Just posted this week's set:
Just posted this week's set:
3145 Home made wheel chock.
3146 Of course a fence tool. :-)3147 A tenderizer... (probably something else)
3148 Looks like a gear puller, but since it's from a paint company has to be something else.3149 Metal bending tool.
3150 Winding mechanism, probably has a counter in the box to count rotations.
3148 battery terminal clamp puller
3148 looks like a bearing puller.
I think the Blue Point brand is associated with Snap On who make tools.
3146 looks a fence puller of some sort.
3148 appears to be a car battery terminal lifter.
The rest are unknown to me.
3145, slotted recipe or mail holder. Hangs on the wall with nail hole provided. 3146, fish scale, or fence tightener. 3147, lobster picker. How a maine man gets a lobstah out of the tank to put in the steamer. (BTW, we had this one a couple months ago.) 3148 battery terminal remover for top post auto batteries. 3149, no clue 3150, cranked center punch for locating drill holes.
DoN, I'm posting from northern USA3149 Is a chain breaker. It holds a steel chain link so you can hammer the next link off of it. The 3 notches are for different size chains.
This answer is correct.
Correct. I totally forgot that I recently posted this tool in January.
Chain breaker is correct, also called a chain detacher.
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My guesses:3146 Fire door latch 3147 It's a slam slide hammer, but for what purpose?? 3148 It's definitely a battery cable puller. 3149 Part of the equipment to "hand-make" rope. 3150 A carpenter's drill that makes it's own center mark to start.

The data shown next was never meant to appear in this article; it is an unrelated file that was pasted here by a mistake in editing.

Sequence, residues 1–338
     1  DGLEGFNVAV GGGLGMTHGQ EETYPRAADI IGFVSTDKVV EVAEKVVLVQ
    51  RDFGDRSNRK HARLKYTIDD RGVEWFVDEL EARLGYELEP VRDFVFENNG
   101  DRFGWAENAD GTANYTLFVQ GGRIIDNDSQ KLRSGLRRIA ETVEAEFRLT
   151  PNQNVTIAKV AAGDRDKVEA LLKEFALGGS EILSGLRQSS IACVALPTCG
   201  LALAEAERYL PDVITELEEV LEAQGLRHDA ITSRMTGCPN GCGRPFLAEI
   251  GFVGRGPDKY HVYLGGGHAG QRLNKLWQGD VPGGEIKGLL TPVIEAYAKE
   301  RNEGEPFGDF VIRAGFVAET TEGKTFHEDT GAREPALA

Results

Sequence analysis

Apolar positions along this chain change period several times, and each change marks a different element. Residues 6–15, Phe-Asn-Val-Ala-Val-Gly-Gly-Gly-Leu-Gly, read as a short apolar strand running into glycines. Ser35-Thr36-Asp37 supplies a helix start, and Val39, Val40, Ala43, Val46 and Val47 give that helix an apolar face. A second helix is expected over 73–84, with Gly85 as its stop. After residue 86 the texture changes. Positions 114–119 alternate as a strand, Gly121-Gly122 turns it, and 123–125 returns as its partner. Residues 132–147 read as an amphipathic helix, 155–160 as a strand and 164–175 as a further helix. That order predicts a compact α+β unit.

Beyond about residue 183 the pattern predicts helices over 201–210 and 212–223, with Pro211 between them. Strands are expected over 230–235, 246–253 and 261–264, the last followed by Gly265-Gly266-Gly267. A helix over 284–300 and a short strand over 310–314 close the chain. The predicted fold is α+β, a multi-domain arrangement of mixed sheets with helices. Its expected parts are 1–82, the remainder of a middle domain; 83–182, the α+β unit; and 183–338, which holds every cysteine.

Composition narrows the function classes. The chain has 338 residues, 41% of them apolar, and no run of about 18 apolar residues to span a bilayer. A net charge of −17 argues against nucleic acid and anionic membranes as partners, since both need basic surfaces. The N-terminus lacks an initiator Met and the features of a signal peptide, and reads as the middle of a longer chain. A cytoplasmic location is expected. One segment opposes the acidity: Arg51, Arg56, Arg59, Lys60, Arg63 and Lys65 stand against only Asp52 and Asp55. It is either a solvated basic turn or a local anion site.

Take care. I can't say often enough how much I appreciate the time you take to do this weekly. Always interesting. Keep up the good work.
Brian Lawson, Bothwell, Ontario.
Posting from the usenet newsgroup rec.crafts.metalworking as always.3145) Hmm ... an edge view might help a bit -- to show the shape of the steps in the wood.
First guess is that it is a chock which is shoved adjacent to a wheel to prevent it rolling.
Shape of the steps could confirm that it instead is a stepped wedge to go with a second similarly steeped piece to serve as an adjustable height block. (There are similar things made of metal used for setups on milling machines and the like.)3146) This one looks as though it is intended to hang from the large ring and each step in the ratchet holds at a slightly different angle, thus lifting the load in small increments. Pulling up on the lever to the right allows it to reset to its lowest position. 3147) This one looks familiar from a recent previous posting, and I seem to remember it being to test hardness of wood, though I may be wrong. 3148) Tool for pulling an automotive battery cable terminal clear of the terminal post on the battery. 3149) Totally unfamiliar to me.
Looks like forged steel, and something has been bashed against the bottom of the right-hand groove more than the smaller other grooves.
Looks as though it is intended to sit on top of an anvil while in use.
But no clue what is being bashed into the slots.3150) Hmm ... the drawing gives more information than the photo does.